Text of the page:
How to Turn a Good Restaurant into a Great Business (3)
People who open their own restaurant typically possess an abundance of highly desirable traits and skills. Almost without exception, they're very capable individuals. In this series we'll look at how we can turn these natural skills into operational success.
Operating a Restaurant From a CEO's Perspective
Every restaurant has three major areas that must function well to achieve its potential for success.
- Operations. Operations include all those functions that are necessary to prepare and serve your products to your customers. It includes all those activities that take place every day in the kitchen, dining room and bar.
- Financial. Financial functions deals with safeguarding cash, accounting, cash management, cost control as well as operational and financial reporting.
- Marketing. Marketing is getting the word out about the restaurant and positioning it correctly in the minds of the public. It includes public relations, community involvement, advertising, promotions and projecting the right image.
Now, think about how successful your restaurant could be if you regularly gave competent attention to each of these three areas. Imagine that operations was capable of consistently providing products and service in a manner that meets your high standards.
Imagine that your financial, accounting and reporting functions were organized and efficient, and provided you with timely information so that you knew exactly how the restaurant was performing and how your marketing efforts were paying off. Imagine that your marketing received the attention it deserves with the result being well-conceived and well-executed promotional activities, events and communicating to your database of regular customers.
Do you think your restaurant would be more successful if you had that level of organization and attention in each of these three areas of your business? Sure. Well, what's the problem?
The problem in most independent restaurants is that the only one around to set up, organize or perform those functions is who? You guessed it, the owner. And the owner is already working 70 hours a week or more running the restaurant.
Most independent operators are to some degree buried in operations, doing whatever it takes to make it through the day. So what happens to the systems that needed in operations and the financial information to know how the restaurant is doing and the planning for the next promotion? Unfortunately, it often doesn't get done, or at least those areas don't get the attention they need and deserve for the business to thrive.
Let's look at an owner's role and involvement in the restaurant visually. Notice in the image below that we have the three key areas in a restaurant: operations, financial and marketing.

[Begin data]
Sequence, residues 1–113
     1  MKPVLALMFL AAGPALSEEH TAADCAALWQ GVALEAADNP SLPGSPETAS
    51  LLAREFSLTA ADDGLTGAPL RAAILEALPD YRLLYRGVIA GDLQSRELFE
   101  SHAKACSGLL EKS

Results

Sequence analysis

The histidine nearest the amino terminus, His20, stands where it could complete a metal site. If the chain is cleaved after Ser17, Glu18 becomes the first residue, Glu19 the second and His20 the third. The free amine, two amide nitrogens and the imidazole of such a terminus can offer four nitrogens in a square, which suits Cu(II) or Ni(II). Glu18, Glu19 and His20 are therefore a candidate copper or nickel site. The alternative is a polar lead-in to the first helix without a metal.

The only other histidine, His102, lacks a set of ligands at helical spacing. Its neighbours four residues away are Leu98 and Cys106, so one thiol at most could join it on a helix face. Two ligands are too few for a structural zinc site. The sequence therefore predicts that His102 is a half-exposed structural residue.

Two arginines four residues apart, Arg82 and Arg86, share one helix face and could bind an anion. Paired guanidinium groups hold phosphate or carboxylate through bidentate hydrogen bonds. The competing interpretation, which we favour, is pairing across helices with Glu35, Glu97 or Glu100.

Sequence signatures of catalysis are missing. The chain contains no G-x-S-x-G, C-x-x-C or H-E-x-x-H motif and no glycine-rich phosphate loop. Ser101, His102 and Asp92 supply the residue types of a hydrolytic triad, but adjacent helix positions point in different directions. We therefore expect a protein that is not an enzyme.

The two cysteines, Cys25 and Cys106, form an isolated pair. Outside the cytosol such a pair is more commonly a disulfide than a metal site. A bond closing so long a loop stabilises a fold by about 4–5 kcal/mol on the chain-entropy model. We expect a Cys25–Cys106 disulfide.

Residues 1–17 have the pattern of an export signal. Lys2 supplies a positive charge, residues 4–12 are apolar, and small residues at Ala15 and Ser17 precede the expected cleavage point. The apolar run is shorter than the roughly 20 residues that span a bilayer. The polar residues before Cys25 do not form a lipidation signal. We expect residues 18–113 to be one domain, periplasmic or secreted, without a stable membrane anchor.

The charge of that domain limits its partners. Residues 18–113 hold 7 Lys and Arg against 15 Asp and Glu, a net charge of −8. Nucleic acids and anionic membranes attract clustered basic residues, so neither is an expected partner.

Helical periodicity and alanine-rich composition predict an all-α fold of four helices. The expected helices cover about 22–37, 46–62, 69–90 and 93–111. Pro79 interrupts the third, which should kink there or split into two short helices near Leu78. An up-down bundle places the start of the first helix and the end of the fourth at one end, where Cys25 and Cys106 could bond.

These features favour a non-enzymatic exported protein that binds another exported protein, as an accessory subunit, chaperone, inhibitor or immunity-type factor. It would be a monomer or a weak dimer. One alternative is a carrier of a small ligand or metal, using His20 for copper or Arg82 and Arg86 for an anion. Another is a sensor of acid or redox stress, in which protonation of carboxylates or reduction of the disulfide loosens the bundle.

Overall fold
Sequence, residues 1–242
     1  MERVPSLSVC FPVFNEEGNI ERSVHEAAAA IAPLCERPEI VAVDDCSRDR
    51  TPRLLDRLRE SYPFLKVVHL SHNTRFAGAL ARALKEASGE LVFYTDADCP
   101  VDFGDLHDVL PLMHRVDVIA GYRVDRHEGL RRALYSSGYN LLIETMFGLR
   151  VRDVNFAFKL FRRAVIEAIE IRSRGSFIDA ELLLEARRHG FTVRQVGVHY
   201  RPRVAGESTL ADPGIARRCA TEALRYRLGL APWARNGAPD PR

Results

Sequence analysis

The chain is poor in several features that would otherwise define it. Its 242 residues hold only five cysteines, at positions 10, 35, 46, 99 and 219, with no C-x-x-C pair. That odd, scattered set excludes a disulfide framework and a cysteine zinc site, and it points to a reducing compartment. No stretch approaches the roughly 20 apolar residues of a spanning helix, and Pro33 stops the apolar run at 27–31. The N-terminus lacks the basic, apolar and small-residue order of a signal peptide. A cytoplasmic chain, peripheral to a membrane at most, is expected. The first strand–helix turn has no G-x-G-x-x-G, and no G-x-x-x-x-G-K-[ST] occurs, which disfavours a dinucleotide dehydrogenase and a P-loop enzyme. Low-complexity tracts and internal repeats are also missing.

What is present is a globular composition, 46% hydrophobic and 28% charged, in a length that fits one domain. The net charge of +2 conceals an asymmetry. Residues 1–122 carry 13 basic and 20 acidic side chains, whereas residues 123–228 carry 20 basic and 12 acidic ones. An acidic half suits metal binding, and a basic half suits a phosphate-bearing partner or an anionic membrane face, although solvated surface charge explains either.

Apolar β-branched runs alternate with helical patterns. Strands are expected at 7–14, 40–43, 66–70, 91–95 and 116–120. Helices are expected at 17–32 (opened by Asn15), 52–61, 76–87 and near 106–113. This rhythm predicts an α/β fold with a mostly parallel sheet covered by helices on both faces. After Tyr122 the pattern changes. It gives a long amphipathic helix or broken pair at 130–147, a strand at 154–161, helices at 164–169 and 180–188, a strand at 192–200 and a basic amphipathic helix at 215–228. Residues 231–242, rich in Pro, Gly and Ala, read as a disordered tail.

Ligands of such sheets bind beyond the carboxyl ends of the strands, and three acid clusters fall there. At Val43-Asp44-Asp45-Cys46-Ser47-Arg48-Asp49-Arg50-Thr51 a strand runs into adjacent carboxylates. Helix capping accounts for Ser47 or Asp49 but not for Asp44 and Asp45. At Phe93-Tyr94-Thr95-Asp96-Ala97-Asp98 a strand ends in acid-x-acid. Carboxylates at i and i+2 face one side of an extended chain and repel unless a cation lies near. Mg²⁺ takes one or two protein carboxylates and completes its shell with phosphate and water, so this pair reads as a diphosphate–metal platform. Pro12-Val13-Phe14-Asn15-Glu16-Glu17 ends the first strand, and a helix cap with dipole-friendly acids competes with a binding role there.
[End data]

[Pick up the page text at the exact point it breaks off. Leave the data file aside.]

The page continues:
Notice the line that separates the three functional areas and the owner. This is meant to delineate the owner's direct, day-to-day involvement in these functions. Here the owner of the restaurant, who we will call in this case a chief executive owner (CEO), is overseeing and directing the operations, financial and marketing activities, but is not directly involved in the ongoing daily work in these areas; the employees are.
This is a highly advantageous position for not only the owner but also the business. Now the owner can turn his or her attention away from the daily functions of running the restaurant to the equally important "strategic" functions of planning and taking actions that will affect the business not today but in the future.
Strategic functions include those things that don't necessarily have to be done today but must be considered or planned in the present to have a shot at having a better business tomorrow. Strategic functions in a restaurant could include planning your next menu, starting a catering program, developing a new marketing strategy or creating a business plan to grow your business. It's very difficult for an owner to take on these types of projects when he is buried in operations. Here's a visual of what it looks like when the owner is below the line involved in the daily functions and activities of running the restaurant.
In this scenario the owner is too involved in running the restaurant to function as a CEO and is more of an "employee owner" (EO). It's easy to see that restaurants with EOs have a problem, there's nobody above the line doing the CEO or strategic work. When the owner is constantly running the restaurant, there is little or no time to spend on strategic activities like developing systems, coming up with a better marketing plan or taking advantage of new business opportunities like catering. While this may not affect the success of the restaurant today or next week, eventually it will.
The first step in turning a below-the-line EO into an above-the-line CEO is by developing and putting in place a system. In the restaurant business a system is a set of detailed operating procedures and is often referred to as an "operating manual."
Development of a detailed and documented operating manual of how a restaurant is to function will give the owner the best possible shot at reducing the need for his or her constant, daily, ongoing involvement in the restaurant. In addition, and just as important, developing a system will help you create one of the most important assets of any restaurant: consistency — a uniform and predictable experience for your guests.
in the fourth of the series we'll look at the steps necessary to review your restaurant performance and ensure your good restaurant will run well with out you.